Established vendors have also scrambled to keep up with the market, often through partnerships with the startups.
For example, VMware has partnered with numerous hardware vendors for its VSAN and EVO:RAIL products, including Fujitsu and Dell, while HPE has opted to go it alone with its HC-250 StoreVirtual system. Hitachi Data Systems also has a Hadoop-focused appliance, and EMC has both its VCE VxRack, VxRail and ScaleIO products.
Also, in the last few weeks alone, VCE, Cisco and HPE have revealed more about their intentions in the market, while Juniper and Lenovo have also struck a deal.
Hyper-converged infrastructure: Use cases - From VDI to Hadoop
So what is driving demand for hyper-converged infrastructure?
Early uptake has mostly been among smaller and mid-sized businesses with tighter budgets and smaller IT teams, where appliances might be their core infrastructure. But vendors claim enterprises are now making investments too, where operational costs and the need for agility are more of an issue.
Adoption has frequently centred around virtual desktop infrastructure (VDI) in particular, though disaster recovery and remote office or branch infrastructure deployments are common too.
One of the reasons is the use locally attached storage rather than storage area networks.
"VDI is a good application because it is difficult to work out what resources you need to run it," says 451 Research's Abbott. "It has been hard to do that especially with backend SANs."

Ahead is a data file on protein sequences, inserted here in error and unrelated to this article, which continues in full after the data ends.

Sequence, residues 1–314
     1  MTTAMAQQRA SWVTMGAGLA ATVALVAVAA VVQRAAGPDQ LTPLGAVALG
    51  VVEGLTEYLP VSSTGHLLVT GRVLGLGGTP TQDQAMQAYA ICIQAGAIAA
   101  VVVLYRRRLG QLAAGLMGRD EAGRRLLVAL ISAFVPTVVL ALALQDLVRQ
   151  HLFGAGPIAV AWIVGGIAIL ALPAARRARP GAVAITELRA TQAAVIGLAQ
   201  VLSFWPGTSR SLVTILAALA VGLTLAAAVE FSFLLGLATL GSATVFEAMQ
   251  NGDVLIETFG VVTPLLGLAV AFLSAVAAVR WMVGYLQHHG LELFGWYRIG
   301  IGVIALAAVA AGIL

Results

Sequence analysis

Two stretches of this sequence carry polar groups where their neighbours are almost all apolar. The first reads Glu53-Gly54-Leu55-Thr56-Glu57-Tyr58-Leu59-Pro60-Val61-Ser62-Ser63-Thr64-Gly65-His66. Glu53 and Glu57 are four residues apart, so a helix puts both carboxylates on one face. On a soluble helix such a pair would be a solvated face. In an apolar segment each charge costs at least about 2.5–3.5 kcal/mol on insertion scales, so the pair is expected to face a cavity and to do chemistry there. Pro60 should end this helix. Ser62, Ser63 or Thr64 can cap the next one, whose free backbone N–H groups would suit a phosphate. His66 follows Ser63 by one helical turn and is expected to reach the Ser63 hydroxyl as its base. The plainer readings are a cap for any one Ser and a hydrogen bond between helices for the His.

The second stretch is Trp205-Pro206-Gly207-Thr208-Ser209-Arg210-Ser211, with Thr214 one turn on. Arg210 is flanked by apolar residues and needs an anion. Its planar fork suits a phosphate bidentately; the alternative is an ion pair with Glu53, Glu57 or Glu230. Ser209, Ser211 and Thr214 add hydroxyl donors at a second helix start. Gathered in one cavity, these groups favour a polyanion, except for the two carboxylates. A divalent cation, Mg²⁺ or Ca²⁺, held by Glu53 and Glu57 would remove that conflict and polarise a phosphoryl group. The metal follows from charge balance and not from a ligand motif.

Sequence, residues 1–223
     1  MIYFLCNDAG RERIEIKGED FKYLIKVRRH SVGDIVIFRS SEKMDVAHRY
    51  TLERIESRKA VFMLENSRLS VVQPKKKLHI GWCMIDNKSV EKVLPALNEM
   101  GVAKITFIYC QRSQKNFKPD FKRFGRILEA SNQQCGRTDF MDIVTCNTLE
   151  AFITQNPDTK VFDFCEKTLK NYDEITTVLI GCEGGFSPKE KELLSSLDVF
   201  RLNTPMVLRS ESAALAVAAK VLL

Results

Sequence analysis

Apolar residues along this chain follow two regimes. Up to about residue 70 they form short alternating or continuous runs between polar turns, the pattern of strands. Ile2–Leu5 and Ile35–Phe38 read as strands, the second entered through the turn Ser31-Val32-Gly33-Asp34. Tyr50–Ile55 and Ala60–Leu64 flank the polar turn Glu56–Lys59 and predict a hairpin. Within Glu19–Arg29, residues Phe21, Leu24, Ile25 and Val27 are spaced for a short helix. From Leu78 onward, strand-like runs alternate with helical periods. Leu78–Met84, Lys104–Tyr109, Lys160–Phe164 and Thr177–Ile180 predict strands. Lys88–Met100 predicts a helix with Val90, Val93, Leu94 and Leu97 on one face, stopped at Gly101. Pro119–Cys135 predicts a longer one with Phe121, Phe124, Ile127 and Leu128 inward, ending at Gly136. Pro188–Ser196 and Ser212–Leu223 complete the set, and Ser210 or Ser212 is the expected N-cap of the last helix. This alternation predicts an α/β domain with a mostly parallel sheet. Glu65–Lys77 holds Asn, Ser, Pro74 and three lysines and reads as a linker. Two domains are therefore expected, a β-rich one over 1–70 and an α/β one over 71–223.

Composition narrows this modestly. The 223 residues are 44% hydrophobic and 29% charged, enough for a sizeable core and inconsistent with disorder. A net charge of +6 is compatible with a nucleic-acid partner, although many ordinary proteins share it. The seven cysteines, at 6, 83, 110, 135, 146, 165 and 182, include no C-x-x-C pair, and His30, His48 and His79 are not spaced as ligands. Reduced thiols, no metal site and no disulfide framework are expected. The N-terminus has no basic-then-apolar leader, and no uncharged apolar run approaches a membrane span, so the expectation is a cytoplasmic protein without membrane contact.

But, increasingly, a wider range of virtualised workloads including mission-critical applications are being run on hyper-converged infrastructure, as well as distributed NoSQL and Hadoop-based applications.
The ease with which new modules can be added means systems can be scaled to meet the demands of big-data analytics.
"There are an emerging set of applications - typically cloud native in nature or generated using highly defined software structures to provide resiliency - you start to see those as applications in the hyper-converged world," says VCE's EMEA CTO, Nigel Moulton.
This includes "apps that would run in a Hadoop distribution or that would use containerised Linux or Cassandra-style object-oriented databases as a data store - those sorts of application environments lend themselves to a hyper-converged infrastructure system."
Hyper-converged infrastructure: An alternative to public cloud?
The growing interest in hyper-converged infrastructure highlights a wider point: not all customers are keen to push workloads out to the public cloud with security and performance concerns persisting.
However many enterprises with on-premise infrastructure are keen to realise some of the efficiency benefits of cloud technologies and new application models.
"[IT teams] are starting to see if they can modernise their in-house architectures so that they are at least getting somewhere towards a private cloud," he says.
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